In part 3 of Dairy Myths, we answer the question does milk cause heart disease. We dig into the truth about Dairy and Heart Health in this Dairy Myth Buster post.
We’ve been chatting about the health implications of dairy since it’s been talked about in the media so much lately. In Part 1, we discussed bone health, in Part 2, we went into the world of Weight Loss and now we’re moving onto answering the question, “Does Milk Cause Heart Disease?” Don’t forget to catch up on the other two posts (hyperlinked above) and meet me back here on the flip side.
Does High Fat Milk Cause Heart Disease?
Compared to monounsaturated fats and polyunsaturated fats, it’s common belief saturated fat and dietary cholesterol lead to increased blood cholesterol levels and an imbalanced ratio of elevated low-density lipoprotein (LDL) concentrations (often called the “bad cholesterol”) to high-density lipoprotein (HDL). This is one of the arguments when people try to answer the question, does high fat milk cause heart disease?
But new research suggests that saturated fat and dietary cholesterol is not as bad as we used to think. Sure, studies still do suggest that there are heart health benefits to replacing saturated fat with unsaturated fatty acids (particularly omega-3s), but the new studies are suggesting that replacing dairy (containing both saturated fats and cholesterol) with carbohydrates or other animal fats is not associated with a higher risk of heart disease. However, they do state that swapping dairy fat for unsaturated, vegetable sources of fat lower the risk of cardiovascular disease. So, does milk cause heart disease? Let’s take a closer look.
Dairy contains saturated, unsaturated fats (like omega 3s), conjugated linoleic acid (see PART 2 for more on that), minerals, antioxidants, and components that benefit your HDL cholesterol (the one that you WANT to have go up). Therefore, it has been proposed that other components of dairy fats besides saturated fats and trans fatty acids may actually be cardioprotective.
Saturated or otherwise, current research doesn’t support the claim that higher fat dairy products increase one’s risk of cardiovascular disease. In fact, there may actually be no real difference between reduced or regular fat dairy on heart health. In a recent study conducted on adolescents, the findings displayed very similar results between reduced and regular fat dairy on cardiometabolic health, with full fat showing inverse relationships with obesity in children. A large recent meta analysis also found dairy consumption and cheese, whether low or full fat, reduced stroke and coronoary heart disease risk. It should be taken into account though that additional data is necessary to determine dose-response patterns, or how much dairy we actually need to enhance our heart health. Truth is, there’s actually very few pieces of evidence that suggest higher risks of chronic diseases or mortality when consuming more regular fat dairy products.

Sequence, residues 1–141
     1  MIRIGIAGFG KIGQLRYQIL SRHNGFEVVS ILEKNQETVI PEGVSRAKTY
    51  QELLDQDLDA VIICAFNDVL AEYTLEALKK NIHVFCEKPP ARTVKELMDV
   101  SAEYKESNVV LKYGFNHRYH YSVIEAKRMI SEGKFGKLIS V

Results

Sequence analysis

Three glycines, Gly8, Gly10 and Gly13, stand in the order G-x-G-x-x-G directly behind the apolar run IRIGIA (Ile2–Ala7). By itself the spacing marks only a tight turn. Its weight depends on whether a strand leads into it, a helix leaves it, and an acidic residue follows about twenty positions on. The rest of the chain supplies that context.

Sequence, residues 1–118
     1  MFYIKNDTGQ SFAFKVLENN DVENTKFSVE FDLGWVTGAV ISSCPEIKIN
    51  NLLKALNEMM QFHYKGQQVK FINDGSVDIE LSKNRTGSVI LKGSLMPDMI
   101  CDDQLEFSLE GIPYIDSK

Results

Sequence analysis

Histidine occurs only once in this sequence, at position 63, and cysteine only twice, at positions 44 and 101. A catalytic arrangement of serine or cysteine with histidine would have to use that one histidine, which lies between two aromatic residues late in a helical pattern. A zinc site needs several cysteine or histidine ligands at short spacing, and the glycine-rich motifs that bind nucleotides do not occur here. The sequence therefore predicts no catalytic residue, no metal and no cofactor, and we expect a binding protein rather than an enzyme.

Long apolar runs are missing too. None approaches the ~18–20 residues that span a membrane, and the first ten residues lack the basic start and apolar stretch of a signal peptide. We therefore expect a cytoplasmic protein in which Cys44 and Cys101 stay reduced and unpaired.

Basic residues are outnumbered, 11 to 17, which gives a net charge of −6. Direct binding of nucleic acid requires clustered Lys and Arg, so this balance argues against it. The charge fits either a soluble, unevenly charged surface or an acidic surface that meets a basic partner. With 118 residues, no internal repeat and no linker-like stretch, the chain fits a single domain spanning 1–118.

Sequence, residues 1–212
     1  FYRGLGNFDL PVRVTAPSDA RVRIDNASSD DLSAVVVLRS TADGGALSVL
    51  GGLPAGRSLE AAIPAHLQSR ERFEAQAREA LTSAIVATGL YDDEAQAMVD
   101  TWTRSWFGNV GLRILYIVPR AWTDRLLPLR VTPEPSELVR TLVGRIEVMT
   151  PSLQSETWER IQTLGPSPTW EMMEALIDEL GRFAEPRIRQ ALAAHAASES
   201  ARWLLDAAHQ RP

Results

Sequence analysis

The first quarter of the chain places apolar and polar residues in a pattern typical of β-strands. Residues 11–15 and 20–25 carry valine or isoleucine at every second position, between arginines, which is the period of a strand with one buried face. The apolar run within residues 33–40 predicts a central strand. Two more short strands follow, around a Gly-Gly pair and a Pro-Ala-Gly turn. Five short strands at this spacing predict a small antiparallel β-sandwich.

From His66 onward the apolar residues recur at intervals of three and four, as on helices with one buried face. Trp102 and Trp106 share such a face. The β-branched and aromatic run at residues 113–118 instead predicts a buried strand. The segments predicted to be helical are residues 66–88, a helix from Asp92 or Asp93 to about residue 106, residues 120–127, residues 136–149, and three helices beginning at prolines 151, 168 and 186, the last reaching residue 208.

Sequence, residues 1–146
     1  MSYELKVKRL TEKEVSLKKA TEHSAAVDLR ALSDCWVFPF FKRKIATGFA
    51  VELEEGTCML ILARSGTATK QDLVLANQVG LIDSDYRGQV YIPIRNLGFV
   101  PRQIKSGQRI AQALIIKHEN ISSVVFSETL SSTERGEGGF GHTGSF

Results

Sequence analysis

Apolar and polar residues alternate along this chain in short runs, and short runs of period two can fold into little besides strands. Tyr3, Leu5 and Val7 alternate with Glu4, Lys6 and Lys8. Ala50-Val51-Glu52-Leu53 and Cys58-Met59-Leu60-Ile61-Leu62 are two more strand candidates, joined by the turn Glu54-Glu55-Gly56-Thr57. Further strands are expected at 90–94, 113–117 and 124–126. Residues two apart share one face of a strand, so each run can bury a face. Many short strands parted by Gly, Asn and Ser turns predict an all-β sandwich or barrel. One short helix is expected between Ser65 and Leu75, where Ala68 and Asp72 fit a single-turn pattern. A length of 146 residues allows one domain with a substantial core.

The adolescent study compared results to adult studies, in which the majority found that dairy fat wasn’t linked to cardiovascular disease, hypertension or type 2 diabetes, although consuming reduced fat dairy was linked to a reduced risk of these diseases. The health-promoting effects of dairy shown in many studies also indicates that there may be a large difference between consuming whole foods compared to isolated nutrients. For example, dairy contains other essential nutrients (e.g calcium, protein, potassium, bioactive lactotripeptides) alongside the saturated fat, which will have varying health effects (either beneficial or harmful) compared to other high saturated-fat foods (like meat).
Additionally, there have been emerging studies on dairy fat composition, and how it contains certain, unique fatty acids that may offer some potential health benefits such as conjugated linoleic acids (CLA), butyric acid, palmitoleic acid (cis and trans), phytanic acid, and alpha-linolenic acid (ALA). A recent review looked at certain circulating fatty acids from dairy intake particularly margaric and myristic acid. They found that fatty acids in dairy products don’t have a negative effect on heart health. Based on these studies, it’s proposed that dairy fat is unlikely to increase the risk of obesity or cardiometabolic disease, and may even be a valuable part of our diets.
So then, does Milk Cause Heart Disease?
Dairy contains a variety of different unique components, giving rise to exciting research as a functional food beyond its nutritional properties. Contrary to what was previously believed, dairy (even higher fat dairy) is not likely harmful to heart health and it doesn’t look to be that full fat milk causes heart disease. In fact, milk may potentially be beneficial for those who can tolerate it (more on this later.).
Don’t forget to check out Part 1 and Part 2 of this debate to get some background information on where we were going to answer the question Does Milk Cause Heart Disease? Check out Part 4, 5 & 6 where we cover milk and diseases as well as milk controversy, safety and alternatives!
What are your thoughts on Dairy and heart health?
What is your thought or response to the question” Does full fat milk cause heart disease?”
What do you drink at home?
Do you avoid dairy?
Leave me a comment below- I would love to hear your thoughts!
RD2B Rachel Shims
Abbey Sharp is a Registered Dietitian, an avid food writer and blogger, a cookbook author and the founder of Abbey’s Kitchen Inc.